And you know, this person said, “So what does a person do if I want to follow Jesus?”  We started the conversation with an ambiguously defined person, and then we got to “I think I might want to do that,  And I said, “Do you want to come to church on Sunday?  I’ll be doing a talk about Jesus.”  And they did.  And three months later – I’d been on sabbatical — I got an update that this man had been part of one of our Rooted groups and prayed for the first time in the Rooted group.  This person is now part of our church.

So again, when we’re living the grace of God in all aspects of life — with how we talk, with how we act, with how we think, with how we behave, with how we invest our resources — the manifold wisdom of God is on display to the whole world.  So living generously is one expression of putting the manifold wisdom of God on display.

Paul goes on.

“For this reason I kneel before the Father from whom every family in heaven and on earth is named.  I pray that he may grant you, according to the riches of his glory, to be strengthened with power in your inner being through his Spirit, and that Christ may dwell in your hearts through faith.  I pray that you, being rooted and firmly established in love, may be able to comprehend with all the saints what is the length and width, height and depth of God’s love, and to know Christ’s love that surpasses knowledge, so that you may be filled with the fullness of God.  Now to him who is able to do above and beyond all that we ask or think according to the power that works in us – to him be the glory in the church and in Christ Jesus to all generations, forever and ever.  Amen.”  (Ephesians 3:14-21)

*** TV time out.  One of the things that often will get in the way of a life of generosity is a mindset that there won’t be enough, I’ve got to take mine.  I’m not talking about foolishness.  There’s a wisdom in planning and saving.   But the scarcity mindset of a consumeristic, individualistic culture creeps in so easily where we say things like this.  “I’ll be generous when I have enough.”  Let me tell you, there never is enough.  There isn’t ever going to be enough, because the matter the issue does not reside in your pocketbook or your bank account.  ***

The matter of generosity is matter of the heart and a heart that overflows with the love of God. We recognize that the fullness, the unfathomable depth of Christ’s love for us fills up our hearts.  Generosity, therefore, is an expression of that — not a means to earn God’s favor.  Rather, it is an expression, an outward expression of something that’s going on in here. (gestures to heart)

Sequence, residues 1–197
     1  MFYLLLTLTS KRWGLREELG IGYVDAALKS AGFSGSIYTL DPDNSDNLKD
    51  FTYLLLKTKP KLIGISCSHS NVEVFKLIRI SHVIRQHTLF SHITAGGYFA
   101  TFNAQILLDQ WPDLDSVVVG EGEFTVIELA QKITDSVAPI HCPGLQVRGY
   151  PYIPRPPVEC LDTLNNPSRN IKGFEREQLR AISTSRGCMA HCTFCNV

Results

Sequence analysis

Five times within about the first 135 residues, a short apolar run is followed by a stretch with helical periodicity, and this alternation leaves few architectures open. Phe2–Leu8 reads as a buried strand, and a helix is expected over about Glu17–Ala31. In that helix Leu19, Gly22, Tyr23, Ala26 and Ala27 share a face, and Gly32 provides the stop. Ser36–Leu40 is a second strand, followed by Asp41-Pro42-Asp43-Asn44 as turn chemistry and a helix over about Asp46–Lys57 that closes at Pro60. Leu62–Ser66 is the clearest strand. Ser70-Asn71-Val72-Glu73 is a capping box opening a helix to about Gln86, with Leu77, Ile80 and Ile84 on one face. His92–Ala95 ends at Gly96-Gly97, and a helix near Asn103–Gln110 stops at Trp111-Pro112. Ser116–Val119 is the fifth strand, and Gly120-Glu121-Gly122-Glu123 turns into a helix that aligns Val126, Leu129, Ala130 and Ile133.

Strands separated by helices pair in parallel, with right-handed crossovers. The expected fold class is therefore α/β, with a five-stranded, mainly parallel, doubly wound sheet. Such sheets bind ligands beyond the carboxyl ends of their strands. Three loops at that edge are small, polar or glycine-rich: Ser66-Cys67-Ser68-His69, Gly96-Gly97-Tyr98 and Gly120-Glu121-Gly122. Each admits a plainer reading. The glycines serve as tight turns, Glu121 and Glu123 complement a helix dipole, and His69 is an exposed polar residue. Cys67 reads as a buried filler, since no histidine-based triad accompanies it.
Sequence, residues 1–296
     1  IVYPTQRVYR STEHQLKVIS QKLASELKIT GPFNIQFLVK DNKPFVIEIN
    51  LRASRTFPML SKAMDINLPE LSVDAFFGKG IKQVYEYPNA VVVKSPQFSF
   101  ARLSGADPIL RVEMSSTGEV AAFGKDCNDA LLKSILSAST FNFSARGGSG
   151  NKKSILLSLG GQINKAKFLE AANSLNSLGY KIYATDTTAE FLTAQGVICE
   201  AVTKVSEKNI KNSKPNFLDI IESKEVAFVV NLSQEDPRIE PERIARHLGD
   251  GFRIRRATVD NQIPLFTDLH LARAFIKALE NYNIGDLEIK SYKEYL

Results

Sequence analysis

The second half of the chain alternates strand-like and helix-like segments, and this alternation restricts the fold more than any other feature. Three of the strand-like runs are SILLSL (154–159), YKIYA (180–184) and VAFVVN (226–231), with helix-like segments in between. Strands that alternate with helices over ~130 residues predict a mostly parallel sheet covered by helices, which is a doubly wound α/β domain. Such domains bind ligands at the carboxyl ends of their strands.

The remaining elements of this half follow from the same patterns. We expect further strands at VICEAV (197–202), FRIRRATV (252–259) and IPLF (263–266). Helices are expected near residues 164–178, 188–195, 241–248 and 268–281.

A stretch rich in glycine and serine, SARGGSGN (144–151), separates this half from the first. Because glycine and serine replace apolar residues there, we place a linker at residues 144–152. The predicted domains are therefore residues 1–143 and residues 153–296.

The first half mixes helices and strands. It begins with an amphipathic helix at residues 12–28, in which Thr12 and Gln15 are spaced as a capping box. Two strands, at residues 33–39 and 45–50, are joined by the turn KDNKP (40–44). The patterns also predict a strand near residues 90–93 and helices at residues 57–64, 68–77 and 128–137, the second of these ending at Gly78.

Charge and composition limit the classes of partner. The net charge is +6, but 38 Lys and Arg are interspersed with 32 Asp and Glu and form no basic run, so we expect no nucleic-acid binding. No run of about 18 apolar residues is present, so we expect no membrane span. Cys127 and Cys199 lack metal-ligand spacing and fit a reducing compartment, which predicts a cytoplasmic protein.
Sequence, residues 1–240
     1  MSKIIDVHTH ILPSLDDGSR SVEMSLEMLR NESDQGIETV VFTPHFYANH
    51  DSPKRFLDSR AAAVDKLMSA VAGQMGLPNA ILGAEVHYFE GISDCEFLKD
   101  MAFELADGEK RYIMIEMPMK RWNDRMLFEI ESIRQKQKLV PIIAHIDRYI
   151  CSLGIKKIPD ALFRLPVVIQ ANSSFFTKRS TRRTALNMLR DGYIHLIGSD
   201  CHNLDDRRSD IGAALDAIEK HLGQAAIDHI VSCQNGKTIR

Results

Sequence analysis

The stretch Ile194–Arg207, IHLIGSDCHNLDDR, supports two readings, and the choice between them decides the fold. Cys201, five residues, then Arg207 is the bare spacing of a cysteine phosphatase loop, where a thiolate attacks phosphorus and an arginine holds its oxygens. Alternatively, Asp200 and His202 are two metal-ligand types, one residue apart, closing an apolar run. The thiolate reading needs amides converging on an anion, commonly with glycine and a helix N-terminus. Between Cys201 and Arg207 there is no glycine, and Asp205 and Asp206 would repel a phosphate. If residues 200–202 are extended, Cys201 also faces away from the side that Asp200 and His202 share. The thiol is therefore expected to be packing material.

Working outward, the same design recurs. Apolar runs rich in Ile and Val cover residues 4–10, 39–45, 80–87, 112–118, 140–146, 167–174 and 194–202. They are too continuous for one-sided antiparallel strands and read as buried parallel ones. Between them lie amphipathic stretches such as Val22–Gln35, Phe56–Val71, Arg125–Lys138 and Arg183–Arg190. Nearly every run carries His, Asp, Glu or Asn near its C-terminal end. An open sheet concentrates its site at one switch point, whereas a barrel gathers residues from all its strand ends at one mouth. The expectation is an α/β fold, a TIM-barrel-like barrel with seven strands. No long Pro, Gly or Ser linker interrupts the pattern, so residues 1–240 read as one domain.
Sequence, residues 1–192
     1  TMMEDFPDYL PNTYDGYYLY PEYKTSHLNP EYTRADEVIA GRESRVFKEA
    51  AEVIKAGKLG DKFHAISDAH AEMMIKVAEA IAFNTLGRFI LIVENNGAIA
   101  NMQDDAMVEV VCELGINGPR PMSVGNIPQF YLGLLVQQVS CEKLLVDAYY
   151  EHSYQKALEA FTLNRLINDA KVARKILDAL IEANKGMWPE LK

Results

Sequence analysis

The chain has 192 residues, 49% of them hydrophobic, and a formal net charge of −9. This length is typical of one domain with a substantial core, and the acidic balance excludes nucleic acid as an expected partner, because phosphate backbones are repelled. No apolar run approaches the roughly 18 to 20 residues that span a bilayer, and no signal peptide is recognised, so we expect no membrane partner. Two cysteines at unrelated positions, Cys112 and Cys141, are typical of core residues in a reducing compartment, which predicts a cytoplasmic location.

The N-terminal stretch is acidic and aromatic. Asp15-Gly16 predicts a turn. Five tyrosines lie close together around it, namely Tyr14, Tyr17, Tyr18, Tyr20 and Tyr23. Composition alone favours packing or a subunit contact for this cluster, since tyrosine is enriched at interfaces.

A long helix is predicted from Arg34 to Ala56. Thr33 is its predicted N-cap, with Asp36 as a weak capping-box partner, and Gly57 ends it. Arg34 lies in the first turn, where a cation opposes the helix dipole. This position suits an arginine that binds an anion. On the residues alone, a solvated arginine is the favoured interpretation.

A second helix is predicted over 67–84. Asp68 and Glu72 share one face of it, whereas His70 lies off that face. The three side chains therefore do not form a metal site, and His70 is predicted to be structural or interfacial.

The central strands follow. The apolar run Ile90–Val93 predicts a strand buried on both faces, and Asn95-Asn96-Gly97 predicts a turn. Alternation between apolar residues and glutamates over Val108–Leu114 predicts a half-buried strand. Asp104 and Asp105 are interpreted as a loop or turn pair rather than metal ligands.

By the way, generosity is not about how many zeros are at the end of the check.  Jesus consistently showed us that it was often those who had very little means who had the most generous hearts.  And you know who he gave caution to the most?  Pastors and people who own vehicles.  Pardon me.  Let me put that another way. The rich, the wealthy, people of means, people who didn’t have to worry about where their next meal was going to come from.

You see, when we define wealth by where I sit in the pecking order of the people I’m looking at, we’re always not wealthy, right?  But if we look at how Jesus defines wealth, we find that for the majority of us, every day we have need and he provides for it.  That every day our needs are met shows that he can provide far more abundantly beyond all that we ask or think.  And so when we find ourselves in this space of saying, “I will be generous when there’s enough,” I just want to confront that and say there is never going to be enough.

And so, waiting for enough is not the right posture, at least not the most healthy posture.  Rather, turning to Jesus, who is able to do far more abundantly beyond than we can ask of him or think.  There’s this great song.  “All I have needed, thy hand has provided.  Great is thy faithfulness, Lord, and to me.”

Just pause for a moment.  Ask yourself this question:  Has the Lord been faithful to provide for you?  His abundant love is in our hearts, and we’re seeing that he can do all things.  To him be the glory forever and ever, and then we get to down to it.

“And he himself gave some to be  apostles, some prophets, some evangelists, some pastors and teachers, equipping the saints for the work of ministry to build up the body of Christ, until we all reach unity in the faith and in knowledge of God’s Son, growing into maturity with a stature measured by Christ’s fullness.”  (Ephesians 4:11-14)

This is the job of church leadership — equipping the saints.  Guess who that is, folks?  Not the ones in New Orleans. The saints is us as followers of Jesus.  The equipping of the saints for the work of what?  Let’s get right down to it.  Do you see the word? The role of us collectively, putting the manifold wisdom of God on display through the unified group of misfits centered around Jesus — when we no longer posture our hands like this. (Gesture of grasping) but rather like this (gesture of open arms) — we put on this way the manifold wisdom of God through what is sometimes referred to as ministry, which is just another word for service.

Jesus said that if you want to be a leader in the Kingdom of God, you must be a servant to all.  If you want to be the first, then you will take the posture of the last.  The King of Kings knelt and washed his disciples’ feet, taking on the posture of a servant.  So we’re to be equipped for the work, which is at the heart of generosity, for the building up of the body of Christ.

Let’s keep going.

“Then we will no longer be little children, tossed by the waves and blown around by every wind of teaching, by human cunning with cleverness in the techniques of deceit.  But speaking truth in love, let us grow in every way into him who is the head – Christ.  From him the whole body, fitted and knit together by every supporting ligament, promotes the growth of the body for building up itself in love by the proper working of each individual part.”  (Ephesians 4: 14-16)